What Do You Know About Whipworms In Dogs?

Whipworms in dogs are one of the most prevalent – and treatable – parasites that your dog may develop. Here’s how to address them.

Dogs, despite our loving devotion to providing Rover with premium kibble and organic treats, aren’t that choosy when it comes to seeking out their own sources of food and drink. It’s fortunate for you and your friend that you will have to deal with intestinal worms at some point in his lifetime given how prevalent they are. They are also among the parasites that are easiest to treat and stay away from. While not the most dangerous species, whipworms are tenacious predators that, if left unchecked or when they coexist with other parasites, can prohibit your pet from leading an active and healthy life.

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How Do Dog Whipworms Develop?

Whipworms in dogs are one of the most common and unquestionably the most difficult parasites you will ever have to deal with as a pet owner, while being relatively moderate in severity. They are an intestinal parasite that is two to three inches long and feeds on your pet’s blood by invading the intestinal wall. Their name refers to their whip-like, tapering shape. Unexpectedly, their eggs have the potential to survive up to five years without a host and do best in cooler environments.

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Your pet may get whipworm if it eats eggs found in animal excrement or soil, or even if it grooms itself. Due to the lengthy incubation period and the fact that female worms produce very few offspring, infestations are frequently modest. After being ingested, the eggs hatch and develop over the course of 10 to 12 weeks in his intestine. Whipworms rarely cause problems when there are few of them (low infestations), but if they are left untreated, the bigger infestation that develops may eventually worsen your pet’s health.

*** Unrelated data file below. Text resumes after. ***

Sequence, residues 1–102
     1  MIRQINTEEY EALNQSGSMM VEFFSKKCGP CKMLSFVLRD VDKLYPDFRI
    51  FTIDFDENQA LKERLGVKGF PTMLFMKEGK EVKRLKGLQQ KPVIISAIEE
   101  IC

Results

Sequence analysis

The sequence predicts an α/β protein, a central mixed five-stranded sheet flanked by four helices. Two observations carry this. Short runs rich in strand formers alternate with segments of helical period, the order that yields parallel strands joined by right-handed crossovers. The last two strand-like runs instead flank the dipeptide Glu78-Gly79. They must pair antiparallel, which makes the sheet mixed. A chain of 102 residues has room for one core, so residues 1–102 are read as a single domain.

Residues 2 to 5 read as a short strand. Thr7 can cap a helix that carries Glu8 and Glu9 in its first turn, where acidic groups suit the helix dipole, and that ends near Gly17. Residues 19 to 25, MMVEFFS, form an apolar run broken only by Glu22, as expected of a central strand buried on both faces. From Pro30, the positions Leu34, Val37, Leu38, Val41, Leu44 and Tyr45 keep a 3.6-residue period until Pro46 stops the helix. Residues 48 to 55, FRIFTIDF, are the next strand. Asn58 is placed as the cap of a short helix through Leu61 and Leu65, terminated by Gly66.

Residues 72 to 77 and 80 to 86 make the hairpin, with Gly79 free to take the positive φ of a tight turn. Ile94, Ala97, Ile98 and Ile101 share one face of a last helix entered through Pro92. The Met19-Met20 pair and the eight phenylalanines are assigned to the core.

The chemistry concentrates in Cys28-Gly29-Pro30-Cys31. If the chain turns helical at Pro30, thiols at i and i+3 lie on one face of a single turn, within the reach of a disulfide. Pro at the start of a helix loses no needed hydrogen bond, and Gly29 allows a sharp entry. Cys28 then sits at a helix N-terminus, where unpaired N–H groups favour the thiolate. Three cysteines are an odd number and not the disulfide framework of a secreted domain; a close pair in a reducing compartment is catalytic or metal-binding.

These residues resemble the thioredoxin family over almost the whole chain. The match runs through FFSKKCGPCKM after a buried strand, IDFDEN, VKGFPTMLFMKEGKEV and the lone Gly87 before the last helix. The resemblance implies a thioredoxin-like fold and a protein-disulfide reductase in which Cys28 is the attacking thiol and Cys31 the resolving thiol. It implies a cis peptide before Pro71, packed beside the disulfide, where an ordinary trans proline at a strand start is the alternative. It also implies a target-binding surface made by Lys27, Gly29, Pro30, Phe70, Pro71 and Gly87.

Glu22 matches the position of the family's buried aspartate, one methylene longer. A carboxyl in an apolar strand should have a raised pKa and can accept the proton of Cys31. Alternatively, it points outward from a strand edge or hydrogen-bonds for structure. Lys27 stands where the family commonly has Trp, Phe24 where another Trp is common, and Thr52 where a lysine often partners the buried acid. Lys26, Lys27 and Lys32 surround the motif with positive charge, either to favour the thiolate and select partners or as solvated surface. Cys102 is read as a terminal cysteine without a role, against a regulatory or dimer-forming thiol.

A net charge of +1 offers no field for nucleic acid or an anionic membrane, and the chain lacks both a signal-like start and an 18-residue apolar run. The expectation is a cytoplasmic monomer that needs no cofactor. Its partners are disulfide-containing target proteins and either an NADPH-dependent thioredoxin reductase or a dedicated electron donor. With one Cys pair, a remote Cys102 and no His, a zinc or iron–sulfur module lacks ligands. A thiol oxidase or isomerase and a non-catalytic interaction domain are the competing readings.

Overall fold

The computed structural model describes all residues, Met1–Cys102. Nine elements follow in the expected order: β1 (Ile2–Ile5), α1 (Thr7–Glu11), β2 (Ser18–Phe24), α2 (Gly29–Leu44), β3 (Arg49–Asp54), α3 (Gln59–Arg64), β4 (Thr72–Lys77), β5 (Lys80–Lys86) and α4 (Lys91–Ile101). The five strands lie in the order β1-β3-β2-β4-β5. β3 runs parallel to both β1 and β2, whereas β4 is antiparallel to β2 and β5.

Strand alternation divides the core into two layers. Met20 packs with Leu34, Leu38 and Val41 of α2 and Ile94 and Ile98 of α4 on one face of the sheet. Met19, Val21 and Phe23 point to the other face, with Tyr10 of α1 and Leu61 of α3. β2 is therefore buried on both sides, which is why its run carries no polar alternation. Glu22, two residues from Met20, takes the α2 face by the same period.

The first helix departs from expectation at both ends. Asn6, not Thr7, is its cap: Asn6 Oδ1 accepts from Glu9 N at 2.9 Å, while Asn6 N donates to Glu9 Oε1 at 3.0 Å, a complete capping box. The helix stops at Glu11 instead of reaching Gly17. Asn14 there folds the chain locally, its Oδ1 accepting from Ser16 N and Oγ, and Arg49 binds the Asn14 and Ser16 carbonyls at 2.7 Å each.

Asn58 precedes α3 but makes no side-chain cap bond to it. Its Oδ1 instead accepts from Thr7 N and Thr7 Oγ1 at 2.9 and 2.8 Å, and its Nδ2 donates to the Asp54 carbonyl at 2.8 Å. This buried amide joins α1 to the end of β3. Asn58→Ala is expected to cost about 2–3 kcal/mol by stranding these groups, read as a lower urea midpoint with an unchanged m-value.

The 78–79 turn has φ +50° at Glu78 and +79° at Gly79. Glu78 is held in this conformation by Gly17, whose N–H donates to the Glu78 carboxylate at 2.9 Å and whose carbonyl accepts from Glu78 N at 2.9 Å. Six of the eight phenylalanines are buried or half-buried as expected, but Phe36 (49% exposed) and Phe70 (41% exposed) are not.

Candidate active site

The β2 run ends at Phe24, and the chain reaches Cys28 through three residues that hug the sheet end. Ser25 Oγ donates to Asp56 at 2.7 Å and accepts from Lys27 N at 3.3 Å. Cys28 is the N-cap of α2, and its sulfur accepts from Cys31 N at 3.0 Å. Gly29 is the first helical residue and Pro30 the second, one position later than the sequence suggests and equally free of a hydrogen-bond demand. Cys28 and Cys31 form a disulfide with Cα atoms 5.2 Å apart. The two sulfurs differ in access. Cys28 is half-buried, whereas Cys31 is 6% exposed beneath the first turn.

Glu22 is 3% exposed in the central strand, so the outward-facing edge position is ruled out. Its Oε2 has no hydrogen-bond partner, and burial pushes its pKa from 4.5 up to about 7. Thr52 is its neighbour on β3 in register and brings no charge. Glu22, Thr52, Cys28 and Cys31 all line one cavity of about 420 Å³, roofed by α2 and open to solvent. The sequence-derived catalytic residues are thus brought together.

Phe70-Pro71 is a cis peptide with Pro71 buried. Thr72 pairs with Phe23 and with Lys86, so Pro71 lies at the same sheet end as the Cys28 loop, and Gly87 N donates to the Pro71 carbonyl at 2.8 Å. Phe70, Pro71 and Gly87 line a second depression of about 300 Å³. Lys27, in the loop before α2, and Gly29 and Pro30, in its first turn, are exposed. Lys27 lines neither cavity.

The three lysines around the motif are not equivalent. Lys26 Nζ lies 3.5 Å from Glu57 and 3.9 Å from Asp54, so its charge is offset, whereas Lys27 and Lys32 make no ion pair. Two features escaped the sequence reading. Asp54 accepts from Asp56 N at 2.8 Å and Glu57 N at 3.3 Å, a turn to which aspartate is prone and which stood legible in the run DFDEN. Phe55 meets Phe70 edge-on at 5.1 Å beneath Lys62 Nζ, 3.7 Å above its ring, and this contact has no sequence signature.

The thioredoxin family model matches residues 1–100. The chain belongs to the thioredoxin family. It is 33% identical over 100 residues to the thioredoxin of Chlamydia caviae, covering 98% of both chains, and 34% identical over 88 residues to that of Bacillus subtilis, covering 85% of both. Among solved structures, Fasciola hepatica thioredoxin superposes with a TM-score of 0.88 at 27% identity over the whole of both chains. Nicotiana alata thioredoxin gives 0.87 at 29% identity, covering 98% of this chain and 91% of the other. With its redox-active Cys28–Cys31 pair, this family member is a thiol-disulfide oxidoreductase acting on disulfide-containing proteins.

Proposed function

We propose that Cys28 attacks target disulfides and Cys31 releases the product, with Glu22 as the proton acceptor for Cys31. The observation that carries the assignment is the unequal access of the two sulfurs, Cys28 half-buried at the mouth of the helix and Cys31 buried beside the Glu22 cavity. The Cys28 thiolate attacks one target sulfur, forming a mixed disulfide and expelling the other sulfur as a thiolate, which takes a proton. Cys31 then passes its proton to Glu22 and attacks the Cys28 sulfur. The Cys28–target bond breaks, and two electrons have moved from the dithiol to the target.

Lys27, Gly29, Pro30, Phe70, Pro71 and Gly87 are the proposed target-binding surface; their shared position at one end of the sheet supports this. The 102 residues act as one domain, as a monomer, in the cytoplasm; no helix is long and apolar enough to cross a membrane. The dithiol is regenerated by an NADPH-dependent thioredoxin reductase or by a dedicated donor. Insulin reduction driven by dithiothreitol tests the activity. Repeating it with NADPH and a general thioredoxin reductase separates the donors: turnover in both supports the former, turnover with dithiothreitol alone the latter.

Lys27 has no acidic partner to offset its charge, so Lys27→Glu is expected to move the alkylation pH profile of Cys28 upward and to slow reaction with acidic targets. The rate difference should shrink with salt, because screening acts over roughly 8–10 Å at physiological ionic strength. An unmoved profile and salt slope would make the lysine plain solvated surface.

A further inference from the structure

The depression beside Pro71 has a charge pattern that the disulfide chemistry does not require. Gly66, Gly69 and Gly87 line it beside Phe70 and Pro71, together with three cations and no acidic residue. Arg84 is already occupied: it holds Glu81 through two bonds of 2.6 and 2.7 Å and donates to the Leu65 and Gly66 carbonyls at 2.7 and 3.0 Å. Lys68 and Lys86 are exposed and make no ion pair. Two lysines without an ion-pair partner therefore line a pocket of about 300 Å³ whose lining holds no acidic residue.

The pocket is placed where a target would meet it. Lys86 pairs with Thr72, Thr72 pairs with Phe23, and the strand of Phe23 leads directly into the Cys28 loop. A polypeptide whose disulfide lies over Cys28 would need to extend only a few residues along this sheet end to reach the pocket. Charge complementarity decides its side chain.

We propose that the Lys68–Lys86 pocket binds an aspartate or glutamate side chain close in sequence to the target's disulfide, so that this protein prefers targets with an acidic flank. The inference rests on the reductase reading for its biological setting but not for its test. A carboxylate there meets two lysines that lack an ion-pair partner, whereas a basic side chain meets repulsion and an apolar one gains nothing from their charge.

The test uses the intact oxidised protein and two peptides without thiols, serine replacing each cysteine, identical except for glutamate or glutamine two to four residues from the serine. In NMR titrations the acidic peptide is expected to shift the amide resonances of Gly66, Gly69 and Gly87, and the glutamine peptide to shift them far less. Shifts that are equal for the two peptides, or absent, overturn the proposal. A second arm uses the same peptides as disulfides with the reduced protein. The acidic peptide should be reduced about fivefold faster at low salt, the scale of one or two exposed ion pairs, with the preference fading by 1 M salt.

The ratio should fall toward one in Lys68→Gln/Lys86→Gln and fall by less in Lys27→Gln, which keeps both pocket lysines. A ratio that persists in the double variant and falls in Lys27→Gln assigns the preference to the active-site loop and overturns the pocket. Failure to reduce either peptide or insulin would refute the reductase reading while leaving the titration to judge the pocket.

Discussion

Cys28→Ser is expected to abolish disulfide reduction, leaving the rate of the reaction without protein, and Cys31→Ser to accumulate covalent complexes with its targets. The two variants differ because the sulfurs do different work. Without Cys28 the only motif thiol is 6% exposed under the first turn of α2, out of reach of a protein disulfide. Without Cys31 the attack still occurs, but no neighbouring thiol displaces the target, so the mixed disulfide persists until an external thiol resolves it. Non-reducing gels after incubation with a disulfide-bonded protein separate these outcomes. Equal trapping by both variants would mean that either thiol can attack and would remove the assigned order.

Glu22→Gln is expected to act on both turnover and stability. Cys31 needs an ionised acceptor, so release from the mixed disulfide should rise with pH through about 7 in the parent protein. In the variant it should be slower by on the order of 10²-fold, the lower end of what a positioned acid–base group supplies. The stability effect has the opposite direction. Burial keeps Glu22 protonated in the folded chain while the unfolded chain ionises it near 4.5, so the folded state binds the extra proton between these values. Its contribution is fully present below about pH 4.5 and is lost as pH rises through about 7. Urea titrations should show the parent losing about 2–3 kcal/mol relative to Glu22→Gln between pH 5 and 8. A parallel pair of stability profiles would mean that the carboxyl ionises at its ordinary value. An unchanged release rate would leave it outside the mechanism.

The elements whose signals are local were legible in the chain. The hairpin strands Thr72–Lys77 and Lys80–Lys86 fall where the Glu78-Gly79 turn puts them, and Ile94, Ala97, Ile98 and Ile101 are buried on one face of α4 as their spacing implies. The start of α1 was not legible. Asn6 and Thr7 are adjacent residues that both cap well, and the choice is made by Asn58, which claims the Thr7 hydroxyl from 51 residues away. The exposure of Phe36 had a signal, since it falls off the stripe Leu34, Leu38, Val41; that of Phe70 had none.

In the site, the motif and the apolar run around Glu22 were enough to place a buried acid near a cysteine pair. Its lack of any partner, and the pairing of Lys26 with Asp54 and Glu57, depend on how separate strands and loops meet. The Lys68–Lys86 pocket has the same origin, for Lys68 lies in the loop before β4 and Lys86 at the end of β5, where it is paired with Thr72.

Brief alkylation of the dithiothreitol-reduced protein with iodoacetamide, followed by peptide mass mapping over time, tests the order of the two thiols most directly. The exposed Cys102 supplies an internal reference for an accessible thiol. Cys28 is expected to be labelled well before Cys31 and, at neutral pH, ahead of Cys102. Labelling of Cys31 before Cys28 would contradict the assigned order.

The danger of having a severe sickness from this parasite is greatest in older dogs, even though puppies are more frequently affected.

Symptoms of whipworms in dogs

It’s doubtful that you’ll find any signs of a little infection in your pet. Before the whipworm population rises and the large intestine gets inflamed, you won’t notice diarrhea, blood in the stool, weight loss, or, in severe or persistent cases, pale gums and exhaustion brought on by anemia.

It is important to understand that puppies with whipworm infection almost invariably also have a range of other parasites, and the combination, if not treated immediately, can be fatal.

Options for both prevention and treatment

By performing a fecal flotation, which is a microscopic examination of a stool sample, your veterinarian can find whipworm eggs. Due to the female whipworm’s infrequent egg production, many tests may be required to identify the specific parasite that is infecting your pet. As a result, it is not unusual to begin a course of treatment even if whipworm is merely suspected.

Your veterinarian may advise you on a range of safe and efficient oral treatments that are available, and you can decide which one is best for your pet together. As is the situation with the majority of parasite treatments, you must be committed to repeating the method at regular intervals to guarantee that both the adult whipworm and the developing larvae are killed.

There is a substantial potential that your pet could become infected once more from eggs that are still present in the environment, which is regrettably due to the eggs’ prolonged survival rate. You might want to consider this because monthly parasite treatments are effective in getting rid of whipworms in dogs.

Mary Simpson, a native of Ontario, is a writer and works in communications. She has a soft heart for stray animals and shares her century-old home with a variety of creatures she has rescued, such as the orange tabby cat Chico, the tuxedo cat Simon, and the jet-black cat Owen. She enjoys running, politics, and exploring Niagara’s wine regions. She also strongly supports the “shop local” movement.

By DogCareTips.Net

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